When the Wisconsin men’s basketball team went on its historic run that peaked at 16-0 to start the season, the biggest asset it held was its ability to have multiple players score in double figures any given night. It was a nightmare for opposing teams to defend, unable to key in on one or two players. Then that asset was gone.

In three of its five ensuing losses, the Badgers failed to get more than two players into double digits, including its loss to Minnesota Jan. 22 in Minneapolis.

Offense wasn’t an issue for Wisconsin (20-5, 7-5 Big Ten) as four players hit the double-digit mark in its 78-70 win over Minnesota (16-9, 5-7) Thursday night at home.

As Wisconsin has slowly been able to right the ship, so has its offense, shooting over 45 percent in its three-straight wins. And as the trend has gone, the Badgers have seen players break out of shooting slumps to help add more balance to the attack that was seen in the first couple of months of the season.

First it was sophomore forward Sam Dekker to break out of his shooting woes after he shot just 32 percent from the field in Wisconsin’s next four games after losing to Minnesota, but rebounded to shoot 44 percent from the floor and go 8-of-17 from deep in the Badgers’ next three games while hitting double digits in all of those games.

Due up next were Frank Kaminsky and Ben Brust.

Heading into the home-matchup with the Gophers, Kaminsky had failed to crack 10 points since Jan. 25 versus Purdue. That was five games ago.

Thursday, Kaminsky played with more assertiveness and effectiveness than has been seen in nearly a month from the Badger big man.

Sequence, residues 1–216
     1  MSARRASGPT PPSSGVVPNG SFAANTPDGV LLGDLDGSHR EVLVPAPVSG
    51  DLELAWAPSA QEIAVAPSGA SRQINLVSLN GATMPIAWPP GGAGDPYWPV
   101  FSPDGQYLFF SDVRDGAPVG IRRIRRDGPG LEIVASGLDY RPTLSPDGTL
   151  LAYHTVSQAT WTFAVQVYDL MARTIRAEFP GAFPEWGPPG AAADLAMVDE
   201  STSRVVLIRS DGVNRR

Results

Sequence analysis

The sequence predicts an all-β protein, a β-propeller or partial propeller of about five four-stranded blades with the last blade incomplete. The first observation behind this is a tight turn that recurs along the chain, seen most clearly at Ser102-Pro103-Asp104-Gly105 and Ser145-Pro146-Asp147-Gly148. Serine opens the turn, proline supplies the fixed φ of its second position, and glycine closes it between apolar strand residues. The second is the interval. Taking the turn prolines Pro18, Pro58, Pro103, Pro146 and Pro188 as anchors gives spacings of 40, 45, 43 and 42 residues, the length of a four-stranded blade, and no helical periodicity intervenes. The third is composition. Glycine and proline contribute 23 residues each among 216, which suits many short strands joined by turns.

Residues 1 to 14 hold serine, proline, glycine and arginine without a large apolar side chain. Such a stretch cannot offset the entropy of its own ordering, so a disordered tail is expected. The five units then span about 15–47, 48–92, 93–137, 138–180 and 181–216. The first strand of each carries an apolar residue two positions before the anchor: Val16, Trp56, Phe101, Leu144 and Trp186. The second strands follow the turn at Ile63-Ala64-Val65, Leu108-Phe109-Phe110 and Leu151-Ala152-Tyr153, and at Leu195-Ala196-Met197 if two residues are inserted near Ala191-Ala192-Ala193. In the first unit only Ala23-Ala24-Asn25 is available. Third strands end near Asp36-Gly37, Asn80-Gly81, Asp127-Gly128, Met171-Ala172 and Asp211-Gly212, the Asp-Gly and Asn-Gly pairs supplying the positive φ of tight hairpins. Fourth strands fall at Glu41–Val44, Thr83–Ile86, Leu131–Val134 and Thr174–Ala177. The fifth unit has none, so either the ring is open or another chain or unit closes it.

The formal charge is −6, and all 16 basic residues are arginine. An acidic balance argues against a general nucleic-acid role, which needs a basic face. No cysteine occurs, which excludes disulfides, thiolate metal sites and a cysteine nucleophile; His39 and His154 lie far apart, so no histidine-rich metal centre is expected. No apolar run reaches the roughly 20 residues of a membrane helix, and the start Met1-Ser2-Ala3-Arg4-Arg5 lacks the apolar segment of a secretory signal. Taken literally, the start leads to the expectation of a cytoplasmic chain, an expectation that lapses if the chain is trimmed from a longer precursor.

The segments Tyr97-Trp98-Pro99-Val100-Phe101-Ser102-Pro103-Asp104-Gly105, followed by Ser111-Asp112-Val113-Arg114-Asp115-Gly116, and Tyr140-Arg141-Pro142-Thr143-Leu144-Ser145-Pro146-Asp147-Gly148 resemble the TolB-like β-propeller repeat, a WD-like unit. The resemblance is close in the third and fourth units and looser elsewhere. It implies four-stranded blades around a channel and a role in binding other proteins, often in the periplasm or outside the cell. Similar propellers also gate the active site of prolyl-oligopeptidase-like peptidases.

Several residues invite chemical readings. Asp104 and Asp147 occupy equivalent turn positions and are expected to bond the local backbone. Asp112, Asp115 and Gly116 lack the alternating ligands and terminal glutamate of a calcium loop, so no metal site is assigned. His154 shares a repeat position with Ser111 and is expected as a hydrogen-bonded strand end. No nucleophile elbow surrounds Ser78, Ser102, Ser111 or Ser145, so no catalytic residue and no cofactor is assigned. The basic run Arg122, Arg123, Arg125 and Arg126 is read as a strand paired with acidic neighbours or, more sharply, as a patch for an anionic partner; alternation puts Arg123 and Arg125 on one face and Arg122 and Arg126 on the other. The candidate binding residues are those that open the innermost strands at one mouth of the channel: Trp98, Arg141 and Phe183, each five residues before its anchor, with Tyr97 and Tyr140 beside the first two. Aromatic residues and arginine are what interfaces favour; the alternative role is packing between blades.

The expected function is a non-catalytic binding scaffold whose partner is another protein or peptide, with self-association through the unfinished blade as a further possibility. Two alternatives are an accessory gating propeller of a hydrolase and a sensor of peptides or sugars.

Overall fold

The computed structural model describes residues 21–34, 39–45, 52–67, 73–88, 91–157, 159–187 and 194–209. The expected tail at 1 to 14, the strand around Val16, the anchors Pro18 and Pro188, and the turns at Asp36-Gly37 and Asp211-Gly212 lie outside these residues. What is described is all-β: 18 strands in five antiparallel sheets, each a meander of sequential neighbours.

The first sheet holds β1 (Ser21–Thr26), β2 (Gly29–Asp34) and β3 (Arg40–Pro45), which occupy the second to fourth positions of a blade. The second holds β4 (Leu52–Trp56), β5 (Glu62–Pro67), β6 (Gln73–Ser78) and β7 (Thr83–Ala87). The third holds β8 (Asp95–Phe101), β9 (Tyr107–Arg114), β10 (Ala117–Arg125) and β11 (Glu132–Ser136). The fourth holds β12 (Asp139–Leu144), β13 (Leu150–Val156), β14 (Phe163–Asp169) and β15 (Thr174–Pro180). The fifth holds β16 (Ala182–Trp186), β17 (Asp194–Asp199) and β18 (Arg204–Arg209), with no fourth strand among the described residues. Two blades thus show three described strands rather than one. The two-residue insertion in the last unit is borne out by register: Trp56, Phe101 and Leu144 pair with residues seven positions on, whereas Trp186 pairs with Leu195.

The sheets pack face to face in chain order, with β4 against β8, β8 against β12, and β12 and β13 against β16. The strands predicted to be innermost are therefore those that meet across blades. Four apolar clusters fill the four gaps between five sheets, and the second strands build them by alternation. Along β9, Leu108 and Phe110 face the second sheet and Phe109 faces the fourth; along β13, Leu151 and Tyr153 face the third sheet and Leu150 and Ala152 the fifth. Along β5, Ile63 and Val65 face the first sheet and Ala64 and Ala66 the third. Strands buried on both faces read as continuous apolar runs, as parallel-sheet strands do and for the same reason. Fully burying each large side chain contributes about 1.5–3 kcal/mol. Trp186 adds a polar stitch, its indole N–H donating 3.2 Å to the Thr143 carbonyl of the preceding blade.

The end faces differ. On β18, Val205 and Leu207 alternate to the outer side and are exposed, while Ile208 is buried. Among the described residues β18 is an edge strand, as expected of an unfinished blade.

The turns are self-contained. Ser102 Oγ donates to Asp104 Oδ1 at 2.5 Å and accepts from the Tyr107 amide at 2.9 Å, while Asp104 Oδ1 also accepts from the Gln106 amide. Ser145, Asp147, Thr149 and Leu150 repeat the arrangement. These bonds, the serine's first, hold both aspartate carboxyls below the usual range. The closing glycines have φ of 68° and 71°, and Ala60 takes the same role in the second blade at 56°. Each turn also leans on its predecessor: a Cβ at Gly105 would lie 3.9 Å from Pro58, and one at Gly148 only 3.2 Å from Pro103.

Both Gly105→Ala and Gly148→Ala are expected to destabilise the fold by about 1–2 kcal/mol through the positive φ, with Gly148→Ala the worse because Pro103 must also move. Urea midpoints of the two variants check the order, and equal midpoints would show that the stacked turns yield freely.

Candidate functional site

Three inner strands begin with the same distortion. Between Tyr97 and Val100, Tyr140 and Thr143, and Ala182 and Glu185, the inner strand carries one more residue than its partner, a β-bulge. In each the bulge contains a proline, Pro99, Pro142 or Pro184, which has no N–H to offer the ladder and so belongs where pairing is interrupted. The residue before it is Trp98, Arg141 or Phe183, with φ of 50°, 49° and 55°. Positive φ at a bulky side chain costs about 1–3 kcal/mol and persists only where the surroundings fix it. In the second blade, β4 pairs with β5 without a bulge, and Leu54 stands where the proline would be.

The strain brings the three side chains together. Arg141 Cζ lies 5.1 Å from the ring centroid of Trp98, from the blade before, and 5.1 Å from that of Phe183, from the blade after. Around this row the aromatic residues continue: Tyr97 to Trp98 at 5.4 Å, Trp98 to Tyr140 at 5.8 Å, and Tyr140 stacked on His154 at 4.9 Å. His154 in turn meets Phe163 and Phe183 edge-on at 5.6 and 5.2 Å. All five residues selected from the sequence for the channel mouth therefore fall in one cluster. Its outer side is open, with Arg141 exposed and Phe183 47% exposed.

“What he ended up doing looks like its more assertive, but it doesn’t me the other times he hasn’t been trying to do that and the other team just took it away from him,” Wisconsin coach Bo Ryan said. “So, I don’t get too excited one way or the other as long as I know guys are trying. Some nights you are just more effective than others and he was pretty effective tonight.”

The 7-footer hit 17 points on 4-of-9 shooting from the floor. With the combination of Kaminsky and freshman Nigel Hayes, who put up 15 points, manning the frontcourt, Minnesota had its struggles to find an answer defensively.

“They’re tough to guard,” Richard Pitino said. “They have got some versatile big guys.”

Next it was the lone senior Brust to get off of the schneid.

Brust, who makes his living behind the three-point line, hasn’t enjoyed the comforts of long-range territory going just 10-for-45 from beyond the arc in his last six games heading into Thursday.

His struggles became especially noticeable in Wisconsin’s win last Sunday against Michigan State where Brust went 1-for-8 from deep, but even more concerning was his multiple air balls, a true rarity for Brust.

With just over five minutes gone by in the first half, Brust launched his first three-point attempt, swish. About four minutes later he gave it another go, swish. Then, with less than a minute left in the first half, Brust give it another go from deep, same result.

“It was the same type of looks and just shot it with confidence. You just have to have shooter’s amnesia, forget the last one and the next one’s going in,” Brust said. “They felt how they’ve normally felt my whole career besides the last game before that. It was definitely good to see the first one to go down.

When the night was over Brust was a perfect 4-for-4 from the three-point line and finished with a team-high 20 points.

Ryan was pleased with the way his senior played Sunday, but was quick to point out the things he needs to work on rather than praise his shooting effort.

“He shot it well needless to say and he hustles,” Ryan said “There’s still some things defensively he got to shore up to be better, so if you wanted me to gush I wasn’t going to do it. Be he did shoot it well.”

By the end of 40 minutes, Wisconsin was one Traevon Jackson point away from having five players in double digits.

It was an aggressive effort from the Badgers on both ends of the court that garnered their third-straight win. Something that wasn’t lost on coach Ryan who is familiar with the word aggressive.

“Aggressive, the definition (is) disposition to dominate, from the dictionary,” Ryan said. “I just thought we were better. Working hard, reading and reacting to one another.”